CLTS triggering process: Community members in Ghana are drawing a map of open defecation for their community

Community-led total sanitation (CLTS) is an approach used mainly in developing countries to improve sanitation and hygiene practices in a community. The approach tries to achieve behavior change in mainly rural people by a process of "triggering", leading to spontaneous and long-term abandonment of open defecation practices. It focuses on spontaneous and long-lasting behavior change of an entire community. The term "triggering" is central to the CLTS process: It refers to ways of igniting community interest in ending open defecation, usually by building simple toilets, such as pit latrines. CLTS involves actions leading to increased self-respect and pride in one's community.[1] It also involves shame and disgust about one's own open defecation behaviors.[1] CLTS takes an approach to rural sanitation that works without hardware subsidies and that facilitates communities to recognize the problem of open defecation and take collective action to clean up and become "open defecation free".

The concept was developed around the year 2000 by Kamal Kar for rural areas in Bangladesh. CLTS became an established approach around 2011. Non-governmental organizations were often in the lead when CLTS was first introduced in a country. Local governments may reward communities by certifying them with "open defecation free" (ODF) status. The original concept of CLTS purposefully did not include subsidies for toilets as they might hinder the process.[2]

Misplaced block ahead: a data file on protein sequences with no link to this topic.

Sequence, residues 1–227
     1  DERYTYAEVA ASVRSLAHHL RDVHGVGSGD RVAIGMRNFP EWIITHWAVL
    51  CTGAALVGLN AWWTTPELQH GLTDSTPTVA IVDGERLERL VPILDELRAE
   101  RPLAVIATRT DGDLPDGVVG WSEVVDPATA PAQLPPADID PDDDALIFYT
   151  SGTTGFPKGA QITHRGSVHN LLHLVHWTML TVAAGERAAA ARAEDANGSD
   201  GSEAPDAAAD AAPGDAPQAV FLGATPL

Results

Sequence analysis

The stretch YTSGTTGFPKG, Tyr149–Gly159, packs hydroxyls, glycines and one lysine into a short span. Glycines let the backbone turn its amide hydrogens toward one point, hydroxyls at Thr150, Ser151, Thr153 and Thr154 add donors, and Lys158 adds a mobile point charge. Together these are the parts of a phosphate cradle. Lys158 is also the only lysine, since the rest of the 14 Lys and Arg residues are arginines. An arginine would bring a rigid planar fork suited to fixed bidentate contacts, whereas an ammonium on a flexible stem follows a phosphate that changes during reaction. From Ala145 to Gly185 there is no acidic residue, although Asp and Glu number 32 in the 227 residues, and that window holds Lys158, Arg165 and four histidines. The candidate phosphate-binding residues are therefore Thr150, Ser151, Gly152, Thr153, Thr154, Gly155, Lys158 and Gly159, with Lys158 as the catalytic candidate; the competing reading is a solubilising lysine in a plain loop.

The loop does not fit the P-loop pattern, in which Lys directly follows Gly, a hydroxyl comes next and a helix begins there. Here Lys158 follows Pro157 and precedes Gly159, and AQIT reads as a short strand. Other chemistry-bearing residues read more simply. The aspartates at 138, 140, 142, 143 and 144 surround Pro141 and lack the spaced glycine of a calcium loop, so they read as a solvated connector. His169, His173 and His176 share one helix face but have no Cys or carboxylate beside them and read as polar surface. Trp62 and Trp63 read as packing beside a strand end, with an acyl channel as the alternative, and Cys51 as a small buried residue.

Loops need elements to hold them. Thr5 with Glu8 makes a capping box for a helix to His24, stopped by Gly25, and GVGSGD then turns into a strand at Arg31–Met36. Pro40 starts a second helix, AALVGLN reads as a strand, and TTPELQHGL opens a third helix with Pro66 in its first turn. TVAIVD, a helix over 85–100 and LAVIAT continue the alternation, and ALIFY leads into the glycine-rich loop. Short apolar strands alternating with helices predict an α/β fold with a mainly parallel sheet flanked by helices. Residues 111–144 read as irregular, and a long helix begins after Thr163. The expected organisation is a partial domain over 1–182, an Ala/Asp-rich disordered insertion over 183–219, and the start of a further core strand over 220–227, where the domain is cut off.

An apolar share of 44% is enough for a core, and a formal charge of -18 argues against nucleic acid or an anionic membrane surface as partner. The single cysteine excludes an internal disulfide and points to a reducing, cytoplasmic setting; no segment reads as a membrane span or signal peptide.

CLTS is practiced in at least 53 countries.[1] CLTS has been adapted to the urban context.[3] It has also been applied to post-emergency and fragile states settings.[4]

Challenges associated with CLTS include the risk of human rights infringements within communities, low standards for toilets, and concerns about usage rates in the long-term. CLTS is in principle compatible with a human rights based approach to sanitation but there are bad practice examples in the name of CLTS.[5] More rigorous coaching of CLTS practitioners, government public health staff and local leaders on issues such as stigma, awareness of social norms and pre-existing inequalities are important.[5] People who are disadvantaged should benefit from CLTS programmes as effectively as those who are not disadvantaged.[6]